Then, as housing prices fell, the states that grew the fastest and outperformed in the strong years, are now posting the worst economic performance––for the obvious reasons that they face the biggest mortgage delinquency and foreclosure rates, as well as high unemployment due to the collapse in construction and mortgage lending. The "haves," says Whitney, have suddenly evolved into the "have-nots."
The problem is that the states that benefited disproportionately from housing are generally the biggest economies, so their woes have become a deadweight on overall economic growth. "Other states such as Nebraska, even with larger ones like Texas, aren't large enough in total to offset the weak growth in the states that depended on real estate," says Whitney.
What investors are missing, says Whitney, is that growth in those states is destined to remain feeble because of the drastic measures needed to redeem their finances. By law, almost all states are required to balance their budgets. Right now, the Obama stimulus package is making up over $60 billion of the $192 billion shortfall for fiscal 2010. But that money is slated to disappear next year. States are already raising taxes, or planning to -- voters in Washington will soon vote on a referendum to levy an income tax.
The biggest source of funds to fill the still-giant gaps is especially worrisome: Raiding pension and healthcare funds. States from California to New York are shifting contributions needed to pay workers' benefits in the future toward funding current expenses.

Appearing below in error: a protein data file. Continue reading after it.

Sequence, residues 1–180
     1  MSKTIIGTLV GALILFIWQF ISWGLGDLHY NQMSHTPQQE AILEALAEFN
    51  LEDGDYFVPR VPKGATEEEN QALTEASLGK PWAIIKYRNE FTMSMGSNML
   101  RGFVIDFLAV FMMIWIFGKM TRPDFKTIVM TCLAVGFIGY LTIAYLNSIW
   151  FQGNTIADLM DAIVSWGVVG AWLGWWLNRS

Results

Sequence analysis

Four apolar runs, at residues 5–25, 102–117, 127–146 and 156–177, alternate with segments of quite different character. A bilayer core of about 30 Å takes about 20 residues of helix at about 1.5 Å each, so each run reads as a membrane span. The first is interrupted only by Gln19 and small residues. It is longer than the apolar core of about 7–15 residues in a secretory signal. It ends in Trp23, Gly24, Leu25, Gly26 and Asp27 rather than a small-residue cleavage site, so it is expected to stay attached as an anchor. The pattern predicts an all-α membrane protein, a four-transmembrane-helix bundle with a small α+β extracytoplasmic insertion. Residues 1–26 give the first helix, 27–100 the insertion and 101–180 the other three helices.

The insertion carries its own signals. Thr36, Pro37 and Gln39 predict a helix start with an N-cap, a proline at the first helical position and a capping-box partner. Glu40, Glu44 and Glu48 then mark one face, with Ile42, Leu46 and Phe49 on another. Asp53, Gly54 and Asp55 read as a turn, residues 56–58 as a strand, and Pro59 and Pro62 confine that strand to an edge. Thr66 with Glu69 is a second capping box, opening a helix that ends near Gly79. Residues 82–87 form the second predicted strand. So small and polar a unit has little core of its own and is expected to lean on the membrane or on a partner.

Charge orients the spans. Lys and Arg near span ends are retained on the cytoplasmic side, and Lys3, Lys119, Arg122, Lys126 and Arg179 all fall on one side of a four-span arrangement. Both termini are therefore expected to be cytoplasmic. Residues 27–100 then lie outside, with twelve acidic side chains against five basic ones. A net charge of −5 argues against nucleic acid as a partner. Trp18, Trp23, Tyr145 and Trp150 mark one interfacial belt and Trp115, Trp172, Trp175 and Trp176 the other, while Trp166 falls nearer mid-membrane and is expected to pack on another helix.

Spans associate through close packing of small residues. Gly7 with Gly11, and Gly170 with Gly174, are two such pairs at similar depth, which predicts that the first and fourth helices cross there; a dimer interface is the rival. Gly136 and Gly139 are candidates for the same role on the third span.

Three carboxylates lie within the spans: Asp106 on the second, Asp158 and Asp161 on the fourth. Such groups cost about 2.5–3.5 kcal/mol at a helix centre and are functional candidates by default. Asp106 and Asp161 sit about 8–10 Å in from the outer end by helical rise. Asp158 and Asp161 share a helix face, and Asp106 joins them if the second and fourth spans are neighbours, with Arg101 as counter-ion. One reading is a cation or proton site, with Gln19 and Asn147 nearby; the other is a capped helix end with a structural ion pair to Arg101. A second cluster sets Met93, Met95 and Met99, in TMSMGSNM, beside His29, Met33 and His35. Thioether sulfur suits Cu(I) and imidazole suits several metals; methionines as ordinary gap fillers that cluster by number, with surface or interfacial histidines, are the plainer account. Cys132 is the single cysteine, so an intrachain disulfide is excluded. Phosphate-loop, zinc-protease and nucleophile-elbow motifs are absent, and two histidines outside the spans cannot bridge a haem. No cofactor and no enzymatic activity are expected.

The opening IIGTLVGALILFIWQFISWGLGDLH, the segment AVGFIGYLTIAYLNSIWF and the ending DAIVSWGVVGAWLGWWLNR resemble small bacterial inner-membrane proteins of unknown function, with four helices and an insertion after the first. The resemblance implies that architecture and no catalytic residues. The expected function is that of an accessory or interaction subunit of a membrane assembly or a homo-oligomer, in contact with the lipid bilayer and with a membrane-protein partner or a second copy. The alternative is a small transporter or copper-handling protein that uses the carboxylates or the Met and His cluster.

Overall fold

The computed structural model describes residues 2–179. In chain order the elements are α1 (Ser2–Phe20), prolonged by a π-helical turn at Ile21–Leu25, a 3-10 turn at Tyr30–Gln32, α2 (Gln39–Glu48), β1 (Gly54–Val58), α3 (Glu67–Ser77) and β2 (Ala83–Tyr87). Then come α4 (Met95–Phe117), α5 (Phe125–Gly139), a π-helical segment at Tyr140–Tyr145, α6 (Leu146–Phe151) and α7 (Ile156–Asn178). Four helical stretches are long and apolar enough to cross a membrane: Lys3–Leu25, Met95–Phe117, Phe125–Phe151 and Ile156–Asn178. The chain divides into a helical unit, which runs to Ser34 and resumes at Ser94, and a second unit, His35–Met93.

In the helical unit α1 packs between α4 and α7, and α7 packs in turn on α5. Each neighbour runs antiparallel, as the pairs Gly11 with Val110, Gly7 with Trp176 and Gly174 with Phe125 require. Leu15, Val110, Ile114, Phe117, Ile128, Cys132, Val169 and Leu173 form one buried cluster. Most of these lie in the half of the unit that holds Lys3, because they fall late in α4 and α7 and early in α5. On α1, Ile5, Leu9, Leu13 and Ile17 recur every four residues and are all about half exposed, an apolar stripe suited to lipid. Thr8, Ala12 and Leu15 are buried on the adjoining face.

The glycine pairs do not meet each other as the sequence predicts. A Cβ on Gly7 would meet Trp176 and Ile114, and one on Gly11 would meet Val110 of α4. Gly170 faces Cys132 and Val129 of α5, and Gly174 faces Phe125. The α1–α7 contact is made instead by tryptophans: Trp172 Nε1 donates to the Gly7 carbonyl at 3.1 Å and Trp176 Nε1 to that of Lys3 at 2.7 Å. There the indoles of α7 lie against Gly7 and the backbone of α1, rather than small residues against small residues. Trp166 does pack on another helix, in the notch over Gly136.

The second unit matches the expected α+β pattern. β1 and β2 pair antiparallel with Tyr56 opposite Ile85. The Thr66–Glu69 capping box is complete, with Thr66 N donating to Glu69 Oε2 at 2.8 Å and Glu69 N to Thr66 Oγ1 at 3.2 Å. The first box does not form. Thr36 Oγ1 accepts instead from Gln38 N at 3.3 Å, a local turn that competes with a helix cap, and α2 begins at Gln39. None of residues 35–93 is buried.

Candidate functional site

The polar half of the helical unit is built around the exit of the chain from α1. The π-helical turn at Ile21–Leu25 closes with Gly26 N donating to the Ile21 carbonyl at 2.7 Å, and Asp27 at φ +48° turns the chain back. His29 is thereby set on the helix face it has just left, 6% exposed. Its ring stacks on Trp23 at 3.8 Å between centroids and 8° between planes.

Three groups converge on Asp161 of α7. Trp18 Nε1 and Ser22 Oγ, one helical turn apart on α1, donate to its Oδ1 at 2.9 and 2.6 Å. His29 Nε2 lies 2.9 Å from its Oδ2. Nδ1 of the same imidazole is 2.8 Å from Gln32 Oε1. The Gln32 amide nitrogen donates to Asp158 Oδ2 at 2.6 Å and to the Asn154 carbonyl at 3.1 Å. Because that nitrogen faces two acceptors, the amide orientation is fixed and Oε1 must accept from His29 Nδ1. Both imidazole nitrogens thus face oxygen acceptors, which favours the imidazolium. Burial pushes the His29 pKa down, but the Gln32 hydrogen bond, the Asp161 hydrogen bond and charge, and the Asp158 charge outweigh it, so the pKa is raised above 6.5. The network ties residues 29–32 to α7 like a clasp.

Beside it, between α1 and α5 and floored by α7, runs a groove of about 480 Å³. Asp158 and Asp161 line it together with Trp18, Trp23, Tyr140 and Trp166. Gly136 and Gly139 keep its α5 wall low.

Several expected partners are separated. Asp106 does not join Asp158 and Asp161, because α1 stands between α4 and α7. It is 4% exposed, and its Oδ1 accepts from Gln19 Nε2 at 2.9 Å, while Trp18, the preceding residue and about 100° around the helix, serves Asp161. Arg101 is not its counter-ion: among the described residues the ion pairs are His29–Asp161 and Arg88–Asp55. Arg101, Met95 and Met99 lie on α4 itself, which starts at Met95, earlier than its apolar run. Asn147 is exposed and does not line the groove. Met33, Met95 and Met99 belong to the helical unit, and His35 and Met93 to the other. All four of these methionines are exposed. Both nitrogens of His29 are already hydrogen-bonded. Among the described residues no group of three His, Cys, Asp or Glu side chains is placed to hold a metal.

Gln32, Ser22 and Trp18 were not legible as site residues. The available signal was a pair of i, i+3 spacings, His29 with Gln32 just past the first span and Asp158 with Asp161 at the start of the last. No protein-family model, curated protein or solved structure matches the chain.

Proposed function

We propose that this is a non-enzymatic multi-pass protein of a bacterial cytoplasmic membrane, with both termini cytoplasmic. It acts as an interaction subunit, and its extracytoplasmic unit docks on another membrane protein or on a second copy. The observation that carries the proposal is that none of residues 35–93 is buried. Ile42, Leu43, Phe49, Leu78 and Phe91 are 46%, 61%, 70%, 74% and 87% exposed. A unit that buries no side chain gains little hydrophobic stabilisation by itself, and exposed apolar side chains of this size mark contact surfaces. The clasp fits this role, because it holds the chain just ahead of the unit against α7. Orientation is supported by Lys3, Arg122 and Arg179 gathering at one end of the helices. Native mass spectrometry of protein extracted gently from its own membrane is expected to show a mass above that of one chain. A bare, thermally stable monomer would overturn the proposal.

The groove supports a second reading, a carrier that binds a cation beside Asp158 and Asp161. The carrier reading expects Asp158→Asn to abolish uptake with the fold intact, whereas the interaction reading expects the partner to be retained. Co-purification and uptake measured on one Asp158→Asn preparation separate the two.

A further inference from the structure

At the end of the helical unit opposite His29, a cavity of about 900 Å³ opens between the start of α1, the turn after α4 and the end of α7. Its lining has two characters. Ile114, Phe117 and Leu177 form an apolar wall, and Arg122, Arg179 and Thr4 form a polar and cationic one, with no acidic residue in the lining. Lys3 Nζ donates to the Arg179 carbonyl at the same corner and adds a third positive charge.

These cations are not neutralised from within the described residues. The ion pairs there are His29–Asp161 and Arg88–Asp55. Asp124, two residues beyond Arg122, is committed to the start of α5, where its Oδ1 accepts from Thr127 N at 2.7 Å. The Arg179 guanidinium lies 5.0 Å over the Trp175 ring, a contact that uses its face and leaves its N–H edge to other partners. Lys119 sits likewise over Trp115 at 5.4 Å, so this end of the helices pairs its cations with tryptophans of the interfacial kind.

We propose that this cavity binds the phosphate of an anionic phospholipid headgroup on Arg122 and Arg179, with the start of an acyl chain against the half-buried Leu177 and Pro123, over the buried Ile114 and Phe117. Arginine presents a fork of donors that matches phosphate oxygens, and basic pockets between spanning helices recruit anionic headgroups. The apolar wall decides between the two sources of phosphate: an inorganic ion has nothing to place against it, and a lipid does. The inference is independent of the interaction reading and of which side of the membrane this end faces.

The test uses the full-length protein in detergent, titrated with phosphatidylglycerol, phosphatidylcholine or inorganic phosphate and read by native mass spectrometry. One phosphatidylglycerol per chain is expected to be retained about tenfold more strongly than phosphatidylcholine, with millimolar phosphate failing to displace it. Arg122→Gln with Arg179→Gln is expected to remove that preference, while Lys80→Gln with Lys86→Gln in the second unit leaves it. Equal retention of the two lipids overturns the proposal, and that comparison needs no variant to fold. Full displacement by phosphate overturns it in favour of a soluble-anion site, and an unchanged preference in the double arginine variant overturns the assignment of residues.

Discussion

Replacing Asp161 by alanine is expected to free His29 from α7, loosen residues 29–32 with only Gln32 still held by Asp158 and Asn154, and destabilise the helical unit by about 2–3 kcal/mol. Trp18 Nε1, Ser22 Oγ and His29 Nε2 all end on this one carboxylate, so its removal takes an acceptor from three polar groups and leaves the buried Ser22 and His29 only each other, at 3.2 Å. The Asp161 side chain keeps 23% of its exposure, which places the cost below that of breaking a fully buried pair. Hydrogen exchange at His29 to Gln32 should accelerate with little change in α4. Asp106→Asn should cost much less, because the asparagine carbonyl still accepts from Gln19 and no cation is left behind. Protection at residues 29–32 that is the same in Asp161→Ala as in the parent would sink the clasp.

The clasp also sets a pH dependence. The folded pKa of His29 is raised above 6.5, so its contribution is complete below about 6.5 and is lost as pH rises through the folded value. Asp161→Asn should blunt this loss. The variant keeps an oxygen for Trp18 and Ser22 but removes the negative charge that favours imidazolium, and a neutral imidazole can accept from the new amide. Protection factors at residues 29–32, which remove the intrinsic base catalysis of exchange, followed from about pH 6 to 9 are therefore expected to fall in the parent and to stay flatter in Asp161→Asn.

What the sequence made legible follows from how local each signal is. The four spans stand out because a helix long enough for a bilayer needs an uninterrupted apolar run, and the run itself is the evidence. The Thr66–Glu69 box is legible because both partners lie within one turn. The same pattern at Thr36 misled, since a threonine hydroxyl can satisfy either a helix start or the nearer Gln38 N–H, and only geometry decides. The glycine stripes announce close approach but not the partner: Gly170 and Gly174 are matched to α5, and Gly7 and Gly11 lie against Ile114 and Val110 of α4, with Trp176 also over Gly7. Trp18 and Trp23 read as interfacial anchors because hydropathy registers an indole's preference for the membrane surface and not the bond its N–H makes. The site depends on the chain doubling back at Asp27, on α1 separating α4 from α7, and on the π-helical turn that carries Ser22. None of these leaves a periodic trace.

The housing collapse will leave a different legacy by forcing big tax increases, and cutbacks in benefits including a rise in retirement ages. Millionaires who provide a huge share of the revenues will leave the high tax states, leaving the poor who need most of the services.
"The scary thing," says Whitney, "is that no one wants to talk about it. When you get the data and mechanics together the situation is as basic as it was for banks or consumers." "The Tragedy of the Commons" should get people talking, and the daunting scale of the numbers should get them outraged.
ZH consider inviting Whitney, Yamada, and others into the fold via some sort of experts forum observed by all with contributions only by those willing experts.